MINNEAPOLIS — Auxiliary Bishop Andrew H. Cozzens of St. Paul and Minneapolis said the Catholic Church “desperately needs an independent structure, led by experienced lay personnel, to investigate and review allegations made against bishops, archbishops and cardinals” in an Aug. 31 statement.
“I am acutely aware of this, because I was personally involved, along with (now-retired Auxiliary) Bishop Lee Piche, in guiding the investigation of Archbishop John Nienstedt in 2014,” he said. “In retrospect, it was doomed to fail.”
In January 2014, Nienstedt, then the leader of the Archdiocese of St. Paul and Minneapolis, charged his subordinates with investigating allegations of sexual misconduct that had been made against him. The investigation — and especially, how it ended — has received renewed international interest after retired U.S. nuncio Archbishop Carlo Maria Vigano denied Aug. 26 that he had instructed Piche and Cozzens to end it.
Speaking of the investigation’s weakness from its start, Cozzens said: “We did not have enough objectivity or experience with such investigations. Nor did we have authority to act. Throughout our efforts, we did not know where we could turn for assistance, because there was no meaningful structure to address allegations against bishops.”
When the probe yielded “affidavits containing serious allegations of misconduct by Archbishop Nienstedt with adults,” Cozzens said he and Piche “tried our best to bring them to the attention of people who might have the authority to act and guide the investigation.”
That included an April 12, 2014, meeting in Washington with Vigano, then the Vatican nuncio to the United States, serving as a liaison between the Vatican and U.S. bishops.
“When Bishop Piche and I believed that we were being told by the nuncio to close the investigation, we strenuously objected. When the nuncio clarified that we should focus the investigation and complete it, we did so,” he said.
“Although there were internal disagreements about how to complete it, Bishop Piche thought it best to hire a second firm to complete the review, because Archbishop Nienstedt contended the first firm had been unfair to him. Father Daniel Griffith (then the archdiocese’s safe environment delegate) strongly disagreed with that decision. During this long period, on more than one occasion, I counseled Archbishop Nienstedt to resign for the good of the archdiocese.”
Cozzens added, “Throughout this process, there was confusion about who was ultimately in charge and what should be done to ensure a fair outcome. I think that Bishop Piche believes that the investigation was completed to the best of his ability. I understand the strong frustrations expressed by Father Griffith, whom I believe acted in good faith and with sincerity and integrity. We all did the best we could in a difficult situation.”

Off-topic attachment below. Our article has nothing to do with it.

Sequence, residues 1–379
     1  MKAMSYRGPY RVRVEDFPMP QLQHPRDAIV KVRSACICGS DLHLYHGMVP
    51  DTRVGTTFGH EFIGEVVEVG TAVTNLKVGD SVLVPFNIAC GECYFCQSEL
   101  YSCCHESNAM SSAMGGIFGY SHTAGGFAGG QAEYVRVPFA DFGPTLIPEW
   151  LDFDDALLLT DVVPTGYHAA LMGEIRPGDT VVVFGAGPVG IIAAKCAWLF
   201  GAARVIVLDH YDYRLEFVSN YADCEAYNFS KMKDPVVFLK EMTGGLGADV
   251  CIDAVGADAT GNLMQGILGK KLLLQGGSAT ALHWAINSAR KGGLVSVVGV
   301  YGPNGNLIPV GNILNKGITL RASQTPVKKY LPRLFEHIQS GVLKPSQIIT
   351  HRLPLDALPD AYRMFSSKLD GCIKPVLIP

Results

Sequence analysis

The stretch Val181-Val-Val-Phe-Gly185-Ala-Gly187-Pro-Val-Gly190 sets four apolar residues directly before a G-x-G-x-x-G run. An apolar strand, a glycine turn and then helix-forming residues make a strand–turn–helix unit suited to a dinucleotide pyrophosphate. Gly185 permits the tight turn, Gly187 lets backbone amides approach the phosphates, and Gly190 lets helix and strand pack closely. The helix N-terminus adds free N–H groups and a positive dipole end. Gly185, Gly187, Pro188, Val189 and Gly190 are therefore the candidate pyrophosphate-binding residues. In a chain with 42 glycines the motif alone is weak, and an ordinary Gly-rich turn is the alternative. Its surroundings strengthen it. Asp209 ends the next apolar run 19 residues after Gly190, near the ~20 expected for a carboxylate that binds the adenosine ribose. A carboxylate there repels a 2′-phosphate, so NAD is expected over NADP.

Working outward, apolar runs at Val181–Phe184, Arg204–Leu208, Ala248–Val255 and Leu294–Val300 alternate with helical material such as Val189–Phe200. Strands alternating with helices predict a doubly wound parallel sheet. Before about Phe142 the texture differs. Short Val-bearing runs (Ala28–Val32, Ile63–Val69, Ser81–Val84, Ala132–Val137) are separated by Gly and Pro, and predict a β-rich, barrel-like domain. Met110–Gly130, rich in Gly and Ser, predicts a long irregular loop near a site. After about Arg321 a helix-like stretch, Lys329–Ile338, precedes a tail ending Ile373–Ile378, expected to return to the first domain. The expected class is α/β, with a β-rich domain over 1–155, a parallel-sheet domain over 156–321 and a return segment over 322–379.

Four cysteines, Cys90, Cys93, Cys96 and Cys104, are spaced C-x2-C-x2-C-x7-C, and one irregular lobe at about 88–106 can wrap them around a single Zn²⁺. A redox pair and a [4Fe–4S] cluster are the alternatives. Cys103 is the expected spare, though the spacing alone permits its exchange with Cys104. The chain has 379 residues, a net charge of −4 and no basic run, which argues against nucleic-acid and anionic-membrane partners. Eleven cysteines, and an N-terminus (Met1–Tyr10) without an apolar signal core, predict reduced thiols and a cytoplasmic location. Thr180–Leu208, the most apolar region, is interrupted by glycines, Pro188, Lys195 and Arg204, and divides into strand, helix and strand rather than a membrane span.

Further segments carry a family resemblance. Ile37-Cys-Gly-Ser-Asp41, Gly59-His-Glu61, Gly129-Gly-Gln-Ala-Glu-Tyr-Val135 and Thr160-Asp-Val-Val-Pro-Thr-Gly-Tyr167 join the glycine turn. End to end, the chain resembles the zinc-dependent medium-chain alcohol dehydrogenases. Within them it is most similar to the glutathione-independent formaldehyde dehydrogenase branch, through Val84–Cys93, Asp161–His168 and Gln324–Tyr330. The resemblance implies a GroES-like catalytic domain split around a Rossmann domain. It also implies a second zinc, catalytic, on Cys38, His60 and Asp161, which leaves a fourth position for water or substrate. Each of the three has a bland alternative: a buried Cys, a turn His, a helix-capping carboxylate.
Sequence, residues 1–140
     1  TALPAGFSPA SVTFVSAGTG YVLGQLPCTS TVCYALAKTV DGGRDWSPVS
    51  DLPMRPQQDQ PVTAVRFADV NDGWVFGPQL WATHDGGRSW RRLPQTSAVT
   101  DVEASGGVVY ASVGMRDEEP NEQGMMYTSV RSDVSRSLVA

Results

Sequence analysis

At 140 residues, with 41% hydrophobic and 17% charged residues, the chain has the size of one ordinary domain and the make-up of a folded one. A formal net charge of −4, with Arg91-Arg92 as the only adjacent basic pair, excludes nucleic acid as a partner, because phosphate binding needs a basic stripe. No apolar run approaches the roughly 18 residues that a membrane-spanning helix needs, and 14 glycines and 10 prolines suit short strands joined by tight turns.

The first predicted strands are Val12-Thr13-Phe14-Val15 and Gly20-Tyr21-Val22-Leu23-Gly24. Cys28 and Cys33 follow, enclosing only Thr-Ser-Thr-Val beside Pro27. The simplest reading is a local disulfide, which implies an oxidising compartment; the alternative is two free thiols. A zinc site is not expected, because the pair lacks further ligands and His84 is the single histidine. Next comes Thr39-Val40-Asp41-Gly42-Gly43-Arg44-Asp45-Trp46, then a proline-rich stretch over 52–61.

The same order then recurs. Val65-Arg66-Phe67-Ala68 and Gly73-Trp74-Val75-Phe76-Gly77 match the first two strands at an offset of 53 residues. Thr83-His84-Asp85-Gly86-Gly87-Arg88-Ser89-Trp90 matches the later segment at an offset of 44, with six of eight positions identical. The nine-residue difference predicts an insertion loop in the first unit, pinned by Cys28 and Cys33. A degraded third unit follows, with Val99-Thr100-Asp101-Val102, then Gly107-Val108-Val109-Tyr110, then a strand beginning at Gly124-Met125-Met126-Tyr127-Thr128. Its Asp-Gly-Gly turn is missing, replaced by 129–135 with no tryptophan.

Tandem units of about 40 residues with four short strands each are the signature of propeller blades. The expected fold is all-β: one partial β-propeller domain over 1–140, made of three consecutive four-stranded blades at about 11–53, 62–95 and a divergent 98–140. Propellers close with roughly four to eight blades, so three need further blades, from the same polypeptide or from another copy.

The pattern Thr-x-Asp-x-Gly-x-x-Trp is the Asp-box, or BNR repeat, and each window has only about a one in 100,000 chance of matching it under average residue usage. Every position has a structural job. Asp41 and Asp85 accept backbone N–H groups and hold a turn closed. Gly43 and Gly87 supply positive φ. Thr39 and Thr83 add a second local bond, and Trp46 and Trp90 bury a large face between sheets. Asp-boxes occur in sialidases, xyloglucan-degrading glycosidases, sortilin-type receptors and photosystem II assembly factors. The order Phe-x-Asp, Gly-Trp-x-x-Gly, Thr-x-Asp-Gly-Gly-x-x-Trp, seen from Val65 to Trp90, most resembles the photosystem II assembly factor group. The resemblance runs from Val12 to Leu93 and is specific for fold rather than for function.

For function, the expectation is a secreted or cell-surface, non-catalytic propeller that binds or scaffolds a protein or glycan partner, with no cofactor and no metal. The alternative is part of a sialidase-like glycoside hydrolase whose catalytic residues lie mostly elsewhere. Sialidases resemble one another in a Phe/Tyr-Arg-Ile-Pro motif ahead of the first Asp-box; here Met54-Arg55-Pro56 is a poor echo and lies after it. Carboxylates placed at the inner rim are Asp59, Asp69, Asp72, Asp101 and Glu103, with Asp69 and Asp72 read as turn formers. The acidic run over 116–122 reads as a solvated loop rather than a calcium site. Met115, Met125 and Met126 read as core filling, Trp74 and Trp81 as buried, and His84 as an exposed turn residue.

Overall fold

Vigano’s role in the investigation was recently called into question after he issued an 11-page letter Aug. 25 accusing high-level Church officials, including Pope Francis, of turning a blind eye to former Cardinal Theodore E. McCarrick’s sexual misconduct. Critics accused Vigano of raising questions about certain Vatican officials, but overlooking his own role in ending the Nienstedt investigation.
In a separate statement Aug. 26, Vigano called allegations he had ended the Nienstedt investigation “false” and denied asking Piche to destroy a letter that indicated he had.
Both allegations originated from a memo Griffith, a law professor and pastor, wrote to Piche in July 2014. It was made public in July 2016 as part of a separate investigation by law enforcement.
At the time he wrote the memo, Griffith was the archdiocese’s delegate for safe environment and had served as the liaison between the archdiocese and the lawyers hired to conduct the investigation.
Griffith told The Catholic Spirit, newspaper of the Archdiocese of St. Paul and Minneapolis, in an Aug. 28 statement that he stands by his 2014 memo. “I welcome a thorough accounting of the matter,” he said.
The entire situation illustrates the need for a new structure in the church for investigating bishops, Cozzens said in his Aug. 31 statement.
“As a practical matter, bishop-led investigations have mixed credibility in the public domain: Some inevitably believe the accused bishop is being treated unfairly, others believe he is receiving preferential treatment. A fair resolution becomes unachievable. The accuser deserves better. We all deserve better,” he said.
To address the types of challenges encountered in the investigation of Nienstedt, the Archdiocese of St. Paul and Minneapolis has subsequently created protocols to address a similar situation, Cozzens said.
“When there is an allegation against a bishop or archbishop in our archdiocese, it is reported to the board of directors, laypeople. They play a vital role in making certain that all allegations are investigated and addressed,” he said.
“I believe that a similar approach utilizing lay expertise is necessary on the national level,” Cozzens continued. “An independent national review board would result in a more fair process for holding the hierarchy accountable. In this way, there will be more confidence in our Church leaders in the future.”
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Wiering is editor of The Catholic Spirit, newspaper of the Archdiocese of St. Paul and Minneapolis.